Another way to save Mirror Pond

I attended the Mirror Pond Ad Hoc Committee meeting on Dec. 3. It was very informative and I learned a great deal about the complexity and estimated costs of saving Mirror Pond “within reason.” The water-rights issues, the cost of repairing a 100-year-old dam, PacifiCorp’s options and the options for moving forward to save Mirror Pond or allow the river to return to a more natural flowing river.

Also, Todd Taylor discussed the reasons he and Bill Smith negotiated an option to purchase the 25 or so acres that the pond covers. Taylor explained they didn’t have any profit motives, only the desire to make sure, whatever happened, that the pond would remain. I might note that there were only a few people in the audience, and only one on the committee, that live outside the west side of Bend, so it occurred to me this issue is more a west-side issue. But in reality, it’s an issue for all Bend citizens.

Both the committee and the Bend City Council have voted to move forward with a plan to save the pond. So public input, it seems, carries little weight for the time being. However, I would like to suggest that instead of trying to save a dam that even PacifiCorp is not willing to repair or maintain, why not allow the power company to either repair the dam (which they have stated they won’t do), sell it to some private enterprise (no one is likely to buy the dam) or decommission it. It seems the third is likely and the committee agreed on that point.

Saving Mirror Pond is a noble cause. However, based on the conversation and debate from the meeting, it will be a long and expensive process that will most likely not be “within reason.” I’d like to suggest a solution that might satisfy the entire community since it is clear that people are divided on this important issue.

Why not just walk away from the table and let PacifiCorp decommission the dam at their expense? Go to the Legislature to create a new water right to allow a pond to exist for the purpose of retaining a cultural part of Bend and for recreation.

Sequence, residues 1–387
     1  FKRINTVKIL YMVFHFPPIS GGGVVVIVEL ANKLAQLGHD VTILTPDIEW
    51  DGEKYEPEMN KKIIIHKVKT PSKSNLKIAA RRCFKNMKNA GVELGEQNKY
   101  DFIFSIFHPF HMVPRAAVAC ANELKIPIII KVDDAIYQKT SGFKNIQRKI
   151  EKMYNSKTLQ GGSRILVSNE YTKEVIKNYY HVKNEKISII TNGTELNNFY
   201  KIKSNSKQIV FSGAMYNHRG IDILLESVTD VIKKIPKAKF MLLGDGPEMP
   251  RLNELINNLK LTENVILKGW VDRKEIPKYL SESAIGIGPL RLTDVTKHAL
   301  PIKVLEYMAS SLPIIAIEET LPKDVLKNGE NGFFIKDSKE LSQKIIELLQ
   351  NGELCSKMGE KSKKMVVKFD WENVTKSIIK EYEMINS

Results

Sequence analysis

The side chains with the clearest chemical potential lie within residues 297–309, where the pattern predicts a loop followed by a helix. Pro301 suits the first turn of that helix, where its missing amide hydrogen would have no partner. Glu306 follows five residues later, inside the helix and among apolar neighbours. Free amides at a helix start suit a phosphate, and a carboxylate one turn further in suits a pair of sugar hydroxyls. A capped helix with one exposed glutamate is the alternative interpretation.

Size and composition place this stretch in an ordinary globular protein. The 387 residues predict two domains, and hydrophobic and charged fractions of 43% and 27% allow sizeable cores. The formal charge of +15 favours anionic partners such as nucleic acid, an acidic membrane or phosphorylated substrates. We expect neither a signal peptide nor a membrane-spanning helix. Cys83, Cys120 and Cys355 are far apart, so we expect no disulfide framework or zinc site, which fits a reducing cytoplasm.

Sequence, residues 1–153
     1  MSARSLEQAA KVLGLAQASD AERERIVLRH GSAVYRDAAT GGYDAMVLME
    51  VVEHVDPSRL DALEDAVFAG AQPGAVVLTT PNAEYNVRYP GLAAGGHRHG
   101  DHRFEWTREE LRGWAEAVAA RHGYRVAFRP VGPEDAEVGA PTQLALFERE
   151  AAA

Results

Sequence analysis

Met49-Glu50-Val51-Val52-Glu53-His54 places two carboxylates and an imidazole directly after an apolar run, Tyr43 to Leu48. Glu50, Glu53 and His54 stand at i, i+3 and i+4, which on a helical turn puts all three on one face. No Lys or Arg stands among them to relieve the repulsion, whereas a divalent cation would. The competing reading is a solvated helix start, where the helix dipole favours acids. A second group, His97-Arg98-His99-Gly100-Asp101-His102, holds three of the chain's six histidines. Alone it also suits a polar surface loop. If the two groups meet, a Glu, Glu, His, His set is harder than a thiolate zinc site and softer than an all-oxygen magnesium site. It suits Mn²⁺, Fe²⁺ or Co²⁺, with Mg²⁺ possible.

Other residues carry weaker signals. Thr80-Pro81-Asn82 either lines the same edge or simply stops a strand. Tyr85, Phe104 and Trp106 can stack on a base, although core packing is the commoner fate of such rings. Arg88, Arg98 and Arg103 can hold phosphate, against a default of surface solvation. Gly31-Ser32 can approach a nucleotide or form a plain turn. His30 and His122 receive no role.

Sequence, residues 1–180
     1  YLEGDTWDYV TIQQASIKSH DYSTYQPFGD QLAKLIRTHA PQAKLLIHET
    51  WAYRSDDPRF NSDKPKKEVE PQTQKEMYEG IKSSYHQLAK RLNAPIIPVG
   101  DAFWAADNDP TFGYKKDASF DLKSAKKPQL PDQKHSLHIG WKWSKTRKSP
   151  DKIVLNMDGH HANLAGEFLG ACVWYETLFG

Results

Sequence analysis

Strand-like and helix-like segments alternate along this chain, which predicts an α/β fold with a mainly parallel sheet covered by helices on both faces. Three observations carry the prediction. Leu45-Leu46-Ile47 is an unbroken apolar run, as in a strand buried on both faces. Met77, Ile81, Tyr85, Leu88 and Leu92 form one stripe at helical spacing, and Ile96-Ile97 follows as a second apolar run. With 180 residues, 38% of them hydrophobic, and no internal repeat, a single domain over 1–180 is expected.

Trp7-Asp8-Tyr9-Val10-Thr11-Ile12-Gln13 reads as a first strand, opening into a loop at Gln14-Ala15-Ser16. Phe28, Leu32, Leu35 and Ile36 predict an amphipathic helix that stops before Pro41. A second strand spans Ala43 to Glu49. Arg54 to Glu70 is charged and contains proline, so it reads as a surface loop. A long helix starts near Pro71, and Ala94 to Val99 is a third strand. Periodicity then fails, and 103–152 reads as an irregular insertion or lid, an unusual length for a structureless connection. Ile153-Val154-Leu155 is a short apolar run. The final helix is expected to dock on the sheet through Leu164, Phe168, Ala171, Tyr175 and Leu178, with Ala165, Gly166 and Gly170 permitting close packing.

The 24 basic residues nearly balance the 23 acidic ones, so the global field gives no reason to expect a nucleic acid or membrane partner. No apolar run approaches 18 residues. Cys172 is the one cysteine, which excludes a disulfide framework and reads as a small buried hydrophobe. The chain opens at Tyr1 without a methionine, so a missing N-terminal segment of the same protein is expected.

Surely our local legislators could carry that successfully to Salem since the pond is an established cultural landmark. Build a new dam just south of Newport Bridge to restore Mirror Pond where the crossing is narrow, create a passage for fish and water recreation and everyone wins. Instead of spending months and who knows how much money trying to negotiate with a company that really doesn’t care about anything but the bottom line and its own self interests.

In this scenario, whatever money is required from the public would go toward creating a whole new attraction for our city. A new and manageable dam that can be used to regulate the high and low water marks of the pond, allow a smaller river channel that flows alongside the pond through Bend, new opportunities for recreation, restored habitat for fish, less silt buildup. Look at the cost/benefit of that approach rather than taking on the expense of repairing and maintaining a failing dam and then having to still deal with the silt problem. As a property owner across from Drake Park with views of Mirror Pond and the Deschutes and as a taxpayer, I could get behind that approach and it might stand a better chance of getting more people to support the effort, especially when putting it to a vote of the citizens.

— Stan Roach lives in Bend.

Source: The Bulletin 2013

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